7. 7. International Journal of Advanced Research in Engineering and Technology (IJARET), ISSN 0976 – 6480(Print), ISSN 0976 – 6499(Online) Volume 5, Issue 4, April (2014), pp. 57-67 © IAEME 63 • In order to assess the different isotherms and their ability to correlate with experimental results, the coefficient of determination (R2 ) was employed to ascertain the fit of each isotherm with experimental data. From Table (4), the coefficient of determination values were higher for Langmuir than for Freundlich. This indicates that the Langmuir isotherm is clearly the better fitting isotherm for the experimental data. Conformation of the experimental data with Langmuir isotherm model indicates the homogeneous nature of the surfaces of the adsorbents used. • The value for the maximum adsorption capacities of (24.47 mg/g) and (25.03 mg/g) and the value of (removal %) of (73.4 %) and (75.1 %) exhibited by untreated iron filings and treated iron filings respectively. It is clear that iron filings is a very comparable material for the commercial activated carbon. • The values of (RL) were found to be (0.049) and (0.029) for untreated iron filings and treated iron filings respectively. This gain confirmed that the Langmuir isotherm was favorable for adsorption of MB onto the adsorbents used in this study. 0 5 10 15 20 25 30 0 10 20 30 Ce (mg/l) qe(mg/gironfillings) Experimental Langmuir Fruendlich Figure (6): Equilibrium adsorption Isotherm of MB onto untreated iron filings at 25o C and pH=5 0 5 10 15 20 25 30 0 10 20 30 Ce (mg/l) qe(mg/gironfillings) Experimental Langmuir Fruendlich Figure (7): Equilibrium adsorption Isotherm of MB onto treated iron filings at 25o C and pH=5 3.3 Column Experiments and Breakthrough Curves The performance of a fixed-bed column was described through the concept of the breakthrough curve. The time for breakthrough appearance and the shape of the breakthrough curve are very important characteristics for determining the operation and the dynamic response of an adsorption column. The loading behavior of MB to be adsorbed from solution in a fixed-bed is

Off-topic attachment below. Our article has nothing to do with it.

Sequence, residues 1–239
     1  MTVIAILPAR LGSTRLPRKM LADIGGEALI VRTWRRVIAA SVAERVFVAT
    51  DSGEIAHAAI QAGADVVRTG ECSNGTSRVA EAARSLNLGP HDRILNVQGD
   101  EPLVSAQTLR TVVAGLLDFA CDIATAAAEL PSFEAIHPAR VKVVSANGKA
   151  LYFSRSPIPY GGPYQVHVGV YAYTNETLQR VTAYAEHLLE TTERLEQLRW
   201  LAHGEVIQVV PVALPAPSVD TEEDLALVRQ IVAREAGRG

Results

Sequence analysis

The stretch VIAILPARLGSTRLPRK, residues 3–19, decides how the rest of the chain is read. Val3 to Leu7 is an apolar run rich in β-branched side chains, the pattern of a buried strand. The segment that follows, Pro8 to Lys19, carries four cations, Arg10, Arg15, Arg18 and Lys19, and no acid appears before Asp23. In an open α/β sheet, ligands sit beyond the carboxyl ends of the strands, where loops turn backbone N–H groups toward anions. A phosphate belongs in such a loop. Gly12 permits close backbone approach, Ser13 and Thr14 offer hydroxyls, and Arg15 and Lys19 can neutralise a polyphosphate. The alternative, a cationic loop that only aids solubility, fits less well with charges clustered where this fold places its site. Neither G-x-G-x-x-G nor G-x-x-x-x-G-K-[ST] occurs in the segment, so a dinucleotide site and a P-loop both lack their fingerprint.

8. 8. International Journal of Advanced Research in Engineering and Technology (IJARET), ISSN 0976 – 6480(Print), ISSN 0976 – 6499(Online) Volume 5, Issue 4, April (2014), pp. 57-67 © IAEME 64 usually expressed in term of C/Co as a function of time or volume of the effluent for a given bed height, giving a breakthrough curve. 3.3.1 Effect of Initial Dye Concentration The effect of influent MB concentration on the shape of the breakthrough curves was investigated by varying the initial MB concentration between (15, 30, 40, and 50) mg/l with constant iron filings bed height of 0.1m, solution pH of 5 and flow rate of 3.33 *10-6 m3 /s. The breakthrough curves of the above experiments were plotted in Fig.(8) for untreated iron filings and (9) for treated iron filings . It is clear that the breakthrough time decreased with increasing influent MB concentration. At lower influent MB concentrations, breakthrough curves were dispersed and breakthrough occurred slowly. As influent concentration increased, sharper breakthrough curves were obtained. These results demonstrate that the change of concentration gradient affects the saturation rate and breakthrough time. This can be explained by the fact that more adsorption sites were being covered as the MB concentration increases. 0 0.2 0.4 0.6 0.8 1 1.2 0 500 1000 1500 Time (min) C/C0 C0=50 mg/l C0=40 mg/l C0=30 mg/l C0=15 mg/l Figure (8): The experimental breakthrough data for adsorption of MB onto untreated iron filings at different initial concentrations, Q=3.33*10-6 m3/s, L=0.1 m, pH=5 0 0.2 0.4 0.6 0.8 1 1.2 0 500 1000 1500 Time (min) C/C0 C0=50 mg/l C0=40 mg/l C0=30 mg/l C0=15 mg/l Figure (9): The experimental breakthrough data for adsorption of MB onto treated iron filings at different initial concentrations, Q=3.33 *10-6 m3 /s, L=0.1 m, pH=5 3.3.2 Effects of Adsorbent Bed Depth Figure (10) for untreated iron filings and (11) for treated iron filings shows the breakthrough curves obtained for MB adsorption on the iron filings for four different iron filings bed depths of